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The paper will oppose the idea that gender inequality is inborn or medically proven but rather will propose that it is a manmade evil that negatively affects women. Gender discrimination is a deep rooted evil in the society and has a long-established history around the globe. There are a number of reasons behind the far-reaching impacts and prevalence of gender discrimination. Some of the causes are discussed below: The first and foremost reason for the prevalent gender discrimination that is observed worldwide remains the traditionally accepted gender biased role assigned to both, male and female counterparts of the society.

Women are known and accepted to take responsibility of the households and childrearing practices. Their participation in the households is also limited to the extent that they involve in nurturing and upbringing of the children and keeping the households managed. The decision making power of the households, expenses and choice of spending still remains with the male members of the house. This male dominant social perspective controlled numerous societies making the gender discrimination widely accepted or agreed upon. A study recently uncovered that around 2.4 million women are unemployed despite of their eagerness to work and a 90% sample population shows their interest in achieving equality for males and females on attaining leadership positions (Player).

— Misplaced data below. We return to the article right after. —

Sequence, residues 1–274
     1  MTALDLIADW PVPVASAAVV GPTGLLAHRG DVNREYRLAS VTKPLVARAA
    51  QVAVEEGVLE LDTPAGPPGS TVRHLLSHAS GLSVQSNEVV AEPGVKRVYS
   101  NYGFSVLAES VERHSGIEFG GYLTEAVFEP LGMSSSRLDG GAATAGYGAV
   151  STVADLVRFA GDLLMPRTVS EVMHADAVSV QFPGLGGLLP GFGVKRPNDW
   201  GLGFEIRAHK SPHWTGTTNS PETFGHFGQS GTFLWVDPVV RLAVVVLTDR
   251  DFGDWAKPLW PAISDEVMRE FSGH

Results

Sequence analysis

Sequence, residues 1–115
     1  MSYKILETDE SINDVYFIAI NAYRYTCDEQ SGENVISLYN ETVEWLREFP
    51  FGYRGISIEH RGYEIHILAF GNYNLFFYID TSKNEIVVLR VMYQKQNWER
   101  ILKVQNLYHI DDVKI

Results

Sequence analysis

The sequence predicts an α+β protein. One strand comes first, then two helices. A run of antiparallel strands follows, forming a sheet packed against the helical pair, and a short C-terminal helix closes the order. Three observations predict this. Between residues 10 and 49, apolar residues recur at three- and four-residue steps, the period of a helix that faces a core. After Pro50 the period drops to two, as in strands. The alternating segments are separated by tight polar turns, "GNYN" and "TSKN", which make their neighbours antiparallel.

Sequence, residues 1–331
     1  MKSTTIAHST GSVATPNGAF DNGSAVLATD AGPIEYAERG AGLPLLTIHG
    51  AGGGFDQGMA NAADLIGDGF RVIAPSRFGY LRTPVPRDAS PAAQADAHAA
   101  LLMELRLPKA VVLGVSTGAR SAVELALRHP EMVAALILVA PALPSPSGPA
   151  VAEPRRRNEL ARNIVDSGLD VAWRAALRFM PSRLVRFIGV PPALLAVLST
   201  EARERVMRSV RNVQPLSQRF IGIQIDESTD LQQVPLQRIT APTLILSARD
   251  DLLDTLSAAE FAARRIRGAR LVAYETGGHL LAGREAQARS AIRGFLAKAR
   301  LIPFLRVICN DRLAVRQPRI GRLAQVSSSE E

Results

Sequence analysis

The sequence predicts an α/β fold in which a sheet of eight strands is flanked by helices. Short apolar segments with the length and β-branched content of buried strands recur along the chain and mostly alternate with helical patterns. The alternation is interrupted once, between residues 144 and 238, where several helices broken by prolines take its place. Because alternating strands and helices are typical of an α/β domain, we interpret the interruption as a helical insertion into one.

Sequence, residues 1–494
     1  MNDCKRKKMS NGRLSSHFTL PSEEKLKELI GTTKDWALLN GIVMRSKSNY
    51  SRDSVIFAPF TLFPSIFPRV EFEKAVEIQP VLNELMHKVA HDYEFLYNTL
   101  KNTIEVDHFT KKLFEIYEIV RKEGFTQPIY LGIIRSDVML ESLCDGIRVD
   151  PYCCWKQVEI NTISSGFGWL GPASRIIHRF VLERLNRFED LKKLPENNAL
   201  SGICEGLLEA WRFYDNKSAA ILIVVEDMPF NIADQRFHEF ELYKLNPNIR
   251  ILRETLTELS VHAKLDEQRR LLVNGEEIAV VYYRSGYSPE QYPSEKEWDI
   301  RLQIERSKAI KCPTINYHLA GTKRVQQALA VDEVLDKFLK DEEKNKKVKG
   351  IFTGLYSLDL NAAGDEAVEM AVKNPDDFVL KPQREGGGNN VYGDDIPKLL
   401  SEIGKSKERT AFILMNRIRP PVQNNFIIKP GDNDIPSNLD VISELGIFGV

Win and Certo (2013) highlight the fact that women need men’s support and encouragement in order to perform well in professional life. Traditional roles and responsibilities remain the most troublesome factors that hinder their participation in the workplaces. Their priorities and choices are affected by the livelihood and household responsibilities they carry that remain high up on their priority list affecting their work performance and image as a professional (Win and Certo). Keeping the male dominant view in consideration, the education opportunities and spending on female education was limited.

The empirical research of Klasen and Lamanna (2009) reveals that during the period of 1960 and 2000, gender gap in educational opportunities and relevant negative effect on regional economic growth was found. The authors found two main reasons for the negative economic effects at a regional level due to unequal educational opportunities as inefficient use of human capital and higher fertility rates due to lower

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